The German head coach weighed in on the effect racial injustice is having on sport ahead of the Community Shield this weekend
Liverpool manager Jurgen Klopp doesn’t see the sporting boycotts taking place in the United States coming to the United Kingdom, but has acknowledged the ongoing fight against racism as a “worldwide issue”.
Major fixtures across a number of different sports in America were called off earlier this week as protests over the police shooting of Jacob Blake continued.
A number of players from the National Basketball Association began boycotting games after Blake was shot seven times in Wisconsin, with the 29-year-old left fighting for his life in hospital.
Major League Baseball, Major League Soccer, the National Hockey League and the WNBA have also cancelled games amid the anti-racism demonstrations taking place across the country.
Klopp was asked to comment on the prospect of similar measures being implemented in England ahead of Liverpool’s Community Shield clash against Arsenal on Saturday.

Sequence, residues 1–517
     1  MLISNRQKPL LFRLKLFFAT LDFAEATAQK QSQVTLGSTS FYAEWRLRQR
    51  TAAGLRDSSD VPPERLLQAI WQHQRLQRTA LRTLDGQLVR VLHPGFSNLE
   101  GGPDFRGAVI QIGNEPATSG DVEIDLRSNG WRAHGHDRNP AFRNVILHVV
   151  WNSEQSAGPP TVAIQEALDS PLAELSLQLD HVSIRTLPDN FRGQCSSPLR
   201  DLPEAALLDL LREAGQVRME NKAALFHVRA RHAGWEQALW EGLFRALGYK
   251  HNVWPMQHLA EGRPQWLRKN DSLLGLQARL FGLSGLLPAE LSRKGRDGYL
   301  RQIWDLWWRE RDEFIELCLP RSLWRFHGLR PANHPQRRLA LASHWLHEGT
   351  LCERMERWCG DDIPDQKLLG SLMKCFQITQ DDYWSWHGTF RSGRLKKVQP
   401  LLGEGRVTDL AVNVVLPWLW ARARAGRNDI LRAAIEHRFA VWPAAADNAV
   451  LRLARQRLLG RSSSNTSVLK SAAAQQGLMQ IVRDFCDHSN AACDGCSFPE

The German head coach understands why so many players in America have taken a stand, but cannot see the schedule for the upcoming Premier League season being affected.
“Whatever actions they take there they will have their reasons for it and I don’t see them at the moment coming in England, but we have to see,” Klopp told reporters.
“It is a worldwide issue but, at the moment for some specific cases, they are thinking about proper actions in America because another thing happened that shouldn’t have happened.
“That is why the players there do what they do but I don’t see it coming at the moment in England.”
English football showed its solidarity with the Black Lives Matter movement when the 2019-20 season resumed in June following a coronavirus-enforced break.
All teams wore jerseys with “Black Lives Matter” printed on the back for the first round of fixtures following the restart, and players from clubs across the country took a knee before the start of each game in memory of George Floyd, who was killed in Minnesota after a white police officer pressed his knee into his neck for more than eight minutes on May 25.
Several clubs also showed their support during training sessions, including Chelsea, who posted an image on social media of the squad kneeling in unison to create the letter H, for humans, on the pitch.
A number of high-profile stars continued to take a knee prior to games even after the special measures were phased out, and the same gesture will be adopted by Liverpool and Arsenal players before they kick off at Wembley this weekend.